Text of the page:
Unconventional Accounting, Lower Usage Leave Israel Electric Corp. With a Steep Loss

But don’t be fooled by the balance sheet.

Israel Electric Corporation slashed fuel costs in the second quarter by switching to natural gas as its chief source of fuel in April, but that didn't keep its from posting a steep NIS 359 million loss, widening from NIS 206 million the year before.

IEC blamed the loss on a drop in energy consumption and a lower-than-expected rate increase, but in fact some usual accounting practices accounted for the red ink.

IEC attributed the decline in consumption to both lower summer temperatures, compared to the blistering 2012 early-summer heat, and an apparent drop in industrial power consumption. But the utility said it expects a further drop in electricity consumption by both businesses and households of about 6% through the end of the year, which will probably extend into 2014.

For the quarter, IEC said revenues eased 1.8% to NIS 6.3 billion as a result of an 87 million-kilowatt decline in electricity use, representing 0.65% of consumption. But the company’s archaic accounting practices exacerbated the pain: It reported a 1.7% drop in average revenue per kilowatt-hour after taking into account inflation. IEC is the last company in Israel to adjust its results to the consumer price index, a practice that was used by companies in the era of double- and triple-digit inflation in the 1980s and 1990s.

Meanwhile, IEC reported that its fuel bill fell 45% to NIS 2.6 billion. This was accounted for by a 98% reduction in the use of crude oil, a 13% decline in coal consumption and a 95% drop in the use of diesel oil — against a 423% jump in natural gas consumption. IEC had been forced to use high-cost imported fuels after Egypt cut off supplies of imported natural gas after the revolution that ousted President Hosni Mubarak, but starting in the second quarter of this year has been sourcing most of its energy from the Tamar gas field off Israel’s Mediterranean coast.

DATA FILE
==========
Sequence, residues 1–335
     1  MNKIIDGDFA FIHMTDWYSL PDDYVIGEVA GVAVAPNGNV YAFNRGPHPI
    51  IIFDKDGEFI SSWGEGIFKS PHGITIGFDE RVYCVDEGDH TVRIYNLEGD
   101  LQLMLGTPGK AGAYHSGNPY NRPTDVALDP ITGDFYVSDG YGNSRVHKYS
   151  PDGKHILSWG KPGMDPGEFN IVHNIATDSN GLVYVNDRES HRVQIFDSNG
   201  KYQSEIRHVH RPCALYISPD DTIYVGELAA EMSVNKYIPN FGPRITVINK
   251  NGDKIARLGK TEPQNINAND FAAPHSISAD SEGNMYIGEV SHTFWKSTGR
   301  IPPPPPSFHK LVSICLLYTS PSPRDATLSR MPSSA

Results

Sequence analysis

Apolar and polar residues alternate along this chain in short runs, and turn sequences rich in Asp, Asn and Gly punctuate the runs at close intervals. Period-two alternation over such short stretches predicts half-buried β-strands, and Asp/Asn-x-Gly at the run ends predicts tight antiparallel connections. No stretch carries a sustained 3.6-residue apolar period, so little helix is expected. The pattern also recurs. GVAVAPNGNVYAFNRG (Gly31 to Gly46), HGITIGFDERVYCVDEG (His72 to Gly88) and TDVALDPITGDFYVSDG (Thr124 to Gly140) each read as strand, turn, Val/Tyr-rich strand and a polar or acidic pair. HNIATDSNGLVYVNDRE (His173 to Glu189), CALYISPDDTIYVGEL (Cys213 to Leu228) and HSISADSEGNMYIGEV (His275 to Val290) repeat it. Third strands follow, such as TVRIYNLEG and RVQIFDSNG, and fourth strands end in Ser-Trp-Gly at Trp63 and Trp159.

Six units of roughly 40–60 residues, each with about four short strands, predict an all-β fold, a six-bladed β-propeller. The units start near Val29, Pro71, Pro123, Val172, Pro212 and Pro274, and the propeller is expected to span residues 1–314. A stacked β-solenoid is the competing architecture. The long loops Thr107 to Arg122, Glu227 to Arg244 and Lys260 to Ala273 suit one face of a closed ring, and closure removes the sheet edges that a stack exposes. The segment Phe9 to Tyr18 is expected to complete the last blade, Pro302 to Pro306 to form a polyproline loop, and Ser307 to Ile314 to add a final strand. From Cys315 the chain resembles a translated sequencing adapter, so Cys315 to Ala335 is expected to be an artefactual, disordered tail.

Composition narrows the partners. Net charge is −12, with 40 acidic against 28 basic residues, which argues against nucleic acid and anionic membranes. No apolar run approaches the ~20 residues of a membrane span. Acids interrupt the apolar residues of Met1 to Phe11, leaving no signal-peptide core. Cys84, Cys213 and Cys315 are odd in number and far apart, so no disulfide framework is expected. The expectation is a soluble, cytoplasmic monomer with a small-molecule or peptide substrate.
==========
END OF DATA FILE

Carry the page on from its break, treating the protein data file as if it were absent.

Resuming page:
Still, in another unusual accounting practice, IEC reported that its cost of fuel nevertheless rose by NIS 469 million from a year earlier. That is because the government’s Electricity Authority authorized the company in March 2012 to register some NIS 7.7 billion in added fuel costs after Egypt cut off supplies. Those costs, however, were spread out over a period that runs through 2014.

The fictitious high rates enable the Electricity Authority to allow IEC to charge higher electricity rates than its real costs would justify, under a formula that fixes tariffs paid by consumers to the utility’s costs.

In fact, as IEC’s fuel costs were falling regulators approved a 5.5% increase in mid-May, but the increase was smaller than the company had expected. Therefore, it recorded a NIS 1.2 billion charge for fuel consumed in the second quarter, compared with a NIS 1.3 billion gain in the second quarter of 2012.

None of this affected IEC's cash flow, which despite all the red ink on its profit-and-loss statement showed a NIS 152 million surplus from operations in the second quarter, turning around from a NIS 439 million deficit the year before.

A 17.5% increase in electricity bought from private producers, equal to NIS 268 million, also cut into IEC's profits, along with a 13% jump in payroll costs arising from terms in the collective labor agreement that included seniority pay raises, as well as from an enlarged workforce for dealing with emergency projects and emissions reductions.

The increase in the net loss was tempered by a 60% reduction in net finance expenses to NIS 343 million, due to the effect of appreciation of the shekel against the dollar on the company's foreign-exchange linked liabilities .

Tal Cohen